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4 November 2009updated 27 Sep 2015 2:28am

Media mob pays attention to Twittersphere

New Statesman sets the agenda on the rise of mob rule

By Samira Shackle

Radio 4’s Moral Maze tonight features a debate on the division between popular protest and mob rule. Its website summarises the topic for discussion:

When does a popular and spontaneous protest become mob rule? Fans of Twitter, the micro-blogging site, have chalked up a couple of notable victories of late. Followers helped to expose a legal injunction against the Guardian and Twitter-led protests generated tens of thousands of complaints against Jan Moir when she wrote a column using the death of Stephen Gately to criticise gay marriage. Is this net-based protest a valuable tool to demonstrate popular opinion or are we sacrificing traditional political engagement for the instant gratification of direct action?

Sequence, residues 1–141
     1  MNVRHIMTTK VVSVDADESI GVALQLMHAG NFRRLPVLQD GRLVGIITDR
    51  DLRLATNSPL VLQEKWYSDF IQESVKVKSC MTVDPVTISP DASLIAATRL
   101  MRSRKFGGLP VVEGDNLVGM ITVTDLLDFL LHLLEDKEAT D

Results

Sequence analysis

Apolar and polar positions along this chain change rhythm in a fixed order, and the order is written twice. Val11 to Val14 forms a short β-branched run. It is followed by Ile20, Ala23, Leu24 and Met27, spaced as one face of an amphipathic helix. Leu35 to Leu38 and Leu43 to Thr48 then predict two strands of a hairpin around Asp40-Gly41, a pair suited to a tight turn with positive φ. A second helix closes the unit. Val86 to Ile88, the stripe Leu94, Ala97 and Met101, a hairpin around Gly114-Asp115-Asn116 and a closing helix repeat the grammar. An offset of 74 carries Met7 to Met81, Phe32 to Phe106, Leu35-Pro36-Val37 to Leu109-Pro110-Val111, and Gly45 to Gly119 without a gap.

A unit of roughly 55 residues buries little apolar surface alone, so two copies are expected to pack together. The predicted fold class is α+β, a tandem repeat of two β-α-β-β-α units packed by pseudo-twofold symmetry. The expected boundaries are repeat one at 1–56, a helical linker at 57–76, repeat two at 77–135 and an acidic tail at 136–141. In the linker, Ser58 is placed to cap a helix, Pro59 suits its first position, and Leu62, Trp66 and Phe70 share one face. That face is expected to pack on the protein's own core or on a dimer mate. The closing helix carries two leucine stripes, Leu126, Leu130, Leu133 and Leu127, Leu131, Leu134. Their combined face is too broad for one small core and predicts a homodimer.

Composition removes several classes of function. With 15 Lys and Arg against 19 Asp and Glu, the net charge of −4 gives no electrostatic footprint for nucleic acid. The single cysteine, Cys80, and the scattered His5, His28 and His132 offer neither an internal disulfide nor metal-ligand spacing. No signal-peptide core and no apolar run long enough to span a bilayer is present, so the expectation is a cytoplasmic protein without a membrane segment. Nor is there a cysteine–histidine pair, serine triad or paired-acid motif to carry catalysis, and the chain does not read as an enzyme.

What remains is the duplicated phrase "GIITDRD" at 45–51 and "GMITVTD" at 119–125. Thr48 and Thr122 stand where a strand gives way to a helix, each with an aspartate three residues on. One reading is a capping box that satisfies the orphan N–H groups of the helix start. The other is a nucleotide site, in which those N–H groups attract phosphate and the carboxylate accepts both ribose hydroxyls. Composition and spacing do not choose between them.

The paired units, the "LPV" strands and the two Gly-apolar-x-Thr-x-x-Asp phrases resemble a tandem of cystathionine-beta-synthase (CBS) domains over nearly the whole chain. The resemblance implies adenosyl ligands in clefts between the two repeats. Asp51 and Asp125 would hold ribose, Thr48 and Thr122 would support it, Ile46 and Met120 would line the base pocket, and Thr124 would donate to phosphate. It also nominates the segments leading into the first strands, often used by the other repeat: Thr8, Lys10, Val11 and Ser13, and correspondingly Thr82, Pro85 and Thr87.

Sound familiar? It will if you read the New Statesman last week. Our cover story was an excellent essay by Dominic Sandbrook on mob rule, considering the idea that “one man’s justified outrage is another’s hysterical bullying”:

Only in the past few weeks, two major news stories — the reaction to Jan Moir’s article about Stephen Gately in the Daily Mail and the outrage that greeted the appearance of the BNP leader, Nick Griffin, on Question Time — have reminded us that in an age when deference has virtually disappeared and politicians fall over themselves to appease public opinion, the spectacle of the enraged crowd, whipping itself to ever more extravagant extremes of indignation and fury, is perhaps not so alien after all.

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It’s great to be ahead of the curve . . . but let’s hope that Sandbrook’s piece is mentioned on Radio 4 tonight.

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